Marvel Studios can be credited with bringing about the golden age (or silver? I forget how this works) of the Superhero film, or at least of cementing it as a viable sub-genre of the action adventure section. However, they’ve been plagued by a constant criticism.
To be fair, Marvel has failed to produce more than one memorable villain primarily because their deals with 20th Century Fox and Sony Pictures have left them without access to many of the comics most popular evil-doers. Magneto, Norman Osborn, Dr. Doom, and many others are off-limits.
Perhaps ironically, this may be the reason why no other franchise prior to the Avengers led MCU got off the ground besides X-Men, Spider-Man and the Fantastic Four (sort of), which inevitably allowed the Avengers to happen in the first place. After all, many argue that a hero is only as strong as their villain. Bond movies suffer when he battles stale mustache-twirlers. Even Batman seems to be most interesting to people only when the Joker shows up. It’s a testament to the characters’ and actors’ charisma that the majority of the Marvel Studio films work at all considering there is rarely a worthwhile conflict.
But it’s still potentially a long-term problem for Marvel, and for the moment, they appear to have figured out a temporary solution – one I think doesn’t need to be temporary.
The new season of Netflix’s ‘Daredevil’, the upcoming ‘Captain America: Civil War’, as well as ‘Batman v Superman: Dawn of Justice’, each have our heroes facing off against a different kind of threat – their friends.
Villains and Antagonists are often synonymous, but there could be a Venn Diagram to show that they aren’t always the same. The Punisher begins ‘Daredevil’ Season 2 as a mass-murderer, a clear threat to society. However, it doesn’t take long before he becomes arguably the most compelling and sympathetic character in the show. Likewise, while we don’t know the specifics of his feud with Captain America, based on the trailer and source material, poor Tony Stark seems to be struggling to promote government regulated accountability for superheroes and/or he wants to bring another mass-murder to justice. Meanwhile, good ol’ boy Steve Rogers is righteously defending freedom for vigilantes and protecting said murder because of familiarity and emotional attachment.
And then there is ‘Batman v Superman: Dawn of Justice’, where misinterpreted dreams, a weird message from the future and manipulation take the place of the comics oft used mind-control trope to get our two characters to duke it out. It only sort of works because at the heart of the conflict there is a debate between the two men on what it means to be a hero, and how far one man should be allowed to go.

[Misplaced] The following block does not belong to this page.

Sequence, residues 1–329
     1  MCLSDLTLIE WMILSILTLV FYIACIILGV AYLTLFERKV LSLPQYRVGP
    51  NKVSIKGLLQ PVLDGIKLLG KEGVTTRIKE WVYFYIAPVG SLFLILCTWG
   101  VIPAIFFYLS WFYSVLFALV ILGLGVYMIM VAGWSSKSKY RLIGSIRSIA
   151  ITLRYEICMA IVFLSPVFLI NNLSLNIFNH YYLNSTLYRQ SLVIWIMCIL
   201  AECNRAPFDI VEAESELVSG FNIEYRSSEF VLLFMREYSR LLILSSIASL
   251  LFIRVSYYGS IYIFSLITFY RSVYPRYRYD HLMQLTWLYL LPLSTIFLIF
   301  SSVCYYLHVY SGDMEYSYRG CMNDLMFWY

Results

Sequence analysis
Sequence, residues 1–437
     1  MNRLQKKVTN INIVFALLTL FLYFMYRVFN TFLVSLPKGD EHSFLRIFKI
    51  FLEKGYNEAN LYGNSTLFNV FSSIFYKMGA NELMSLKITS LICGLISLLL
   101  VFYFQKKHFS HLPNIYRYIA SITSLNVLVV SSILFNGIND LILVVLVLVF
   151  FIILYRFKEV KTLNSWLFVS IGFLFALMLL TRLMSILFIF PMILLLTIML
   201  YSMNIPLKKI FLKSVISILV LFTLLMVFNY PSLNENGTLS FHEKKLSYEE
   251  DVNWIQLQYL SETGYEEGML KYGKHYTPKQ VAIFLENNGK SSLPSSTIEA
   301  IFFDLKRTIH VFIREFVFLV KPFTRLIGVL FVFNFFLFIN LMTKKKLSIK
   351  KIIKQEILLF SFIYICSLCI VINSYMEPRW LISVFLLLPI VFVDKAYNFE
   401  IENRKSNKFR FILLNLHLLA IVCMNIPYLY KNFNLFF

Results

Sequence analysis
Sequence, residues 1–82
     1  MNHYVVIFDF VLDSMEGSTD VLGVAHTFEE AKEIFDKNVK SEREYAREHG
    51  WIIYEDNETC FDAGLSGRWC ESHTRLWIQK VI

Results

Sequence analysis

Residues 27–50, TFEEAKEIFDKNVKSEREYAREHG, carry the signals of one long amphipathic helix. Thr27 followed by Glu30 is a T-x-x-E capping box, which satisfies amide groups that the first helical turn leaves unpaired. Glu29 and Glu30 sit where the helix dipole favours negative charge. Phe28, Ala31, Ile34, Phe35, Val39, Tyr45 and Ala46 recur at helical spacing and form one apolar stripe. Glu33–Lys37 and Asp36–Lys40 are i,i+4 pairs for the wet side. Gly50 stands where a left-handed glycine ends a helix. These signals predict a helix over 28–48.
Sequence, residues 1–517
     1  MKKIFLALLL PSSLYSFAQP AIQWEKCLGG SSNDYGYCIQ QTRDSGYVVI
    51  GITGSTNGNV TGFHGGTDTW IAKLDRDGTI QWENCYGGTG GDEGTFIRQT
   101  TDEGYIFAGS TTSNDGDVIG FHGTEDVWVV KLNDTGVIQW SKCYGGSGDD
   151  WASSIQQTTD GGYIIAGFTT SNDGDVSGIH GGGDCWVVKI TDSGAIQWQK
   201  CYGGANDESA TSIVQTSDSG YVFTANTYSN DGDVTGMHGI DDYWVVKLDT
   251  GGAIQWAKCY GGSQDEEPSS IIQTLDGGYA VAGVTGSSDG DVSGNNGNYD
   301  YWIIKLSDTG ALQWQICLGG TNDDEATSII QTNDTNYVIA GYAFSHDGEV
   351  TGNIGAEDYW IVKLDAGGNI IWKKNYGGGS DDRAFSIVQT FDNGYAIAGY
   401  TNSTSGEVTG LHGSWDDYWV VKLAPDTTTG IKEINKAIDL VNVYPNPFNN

For me, I’m happy to see this dichotomy develop between two characters that at any other time the audience would be on the same side with wholesale. My best friend and brother are on Team Cap when it comes to ‘Civil War’, where as I side with Iron man. Most of it just for fun, some of it is because I don’t like half of the characters on Cap’s side and think Iron Man’s team make for better action figures. But whatever the reason, it’s a nice change of pace to be unsure which of our favorite heroes is right and who is wrong.
It’s important when crafting an antagonist, even if they are villainous, to be able to have their goals and ideals test the audiences’ or readers’ own sense of virtue.
One of my favorite examples I’ve found recently to offer people is the difference between ‘Mad Max: Fury Road’s’ Immortan Joe and ‘Mad Max: Beyond Thunder Dome’s’ Aunty Entity. The former is a war lord: evil, ugly, a creature without any redeeming qualities. The latter is more akin to a politician: sneaky, a bit two-faced, but ultimately fair to a degree and willing to negotiate to get what she wants. Both are at odds with the protagonist, but there is a reason why the narrative demands one die while the other can simply return home after defeat.
In an old interview with Mad Max creator George Miller, he explains that Aunty may well have been a ‘good-guy’ in her own right when she founded Bartertown, but the nature of ruling over an unruly populace can often force someone to become a tyrannical version of their former self – which may very well be the reason why Max decides to leave after every movie. He recognizes his own darkness and probably doesn’t wish to force it on other people.
But I’d argue walking away is not always noble. I find people like Tony Stark interesting because taking an unpopular stance when the situation demands it is how we mature and test ourselves. Whereas Steve can come across as a lost boy, less willing to concede and bend his morals to public pressure. It’s admirable, but even though he’s been out of ice for years, his curse is that he will forever be frozen in time. Whether deep down he likes it or not.
In ‘The Dark Knight’, Harvey Dent gives the qualifier that ‘one either dies a hero or lives long enough to become the villain’, I feel like this is unfair to those who may come at odds with their younger, more optimistic brethren. Just because one grows up, grows old and chooses to stand for something that our hero inevitably clashes against, doesn’t mean in any way that they are a villain, and I hope that future stories, particularly in this genre, will continue to give voice to these thankless leaders, and that this isn’t just a trend to buy time until the big hulking alien death monsters arrive.
Do you prefer your baddies to be evil? Have any favorite not so bad foes? Sound off in the comments.
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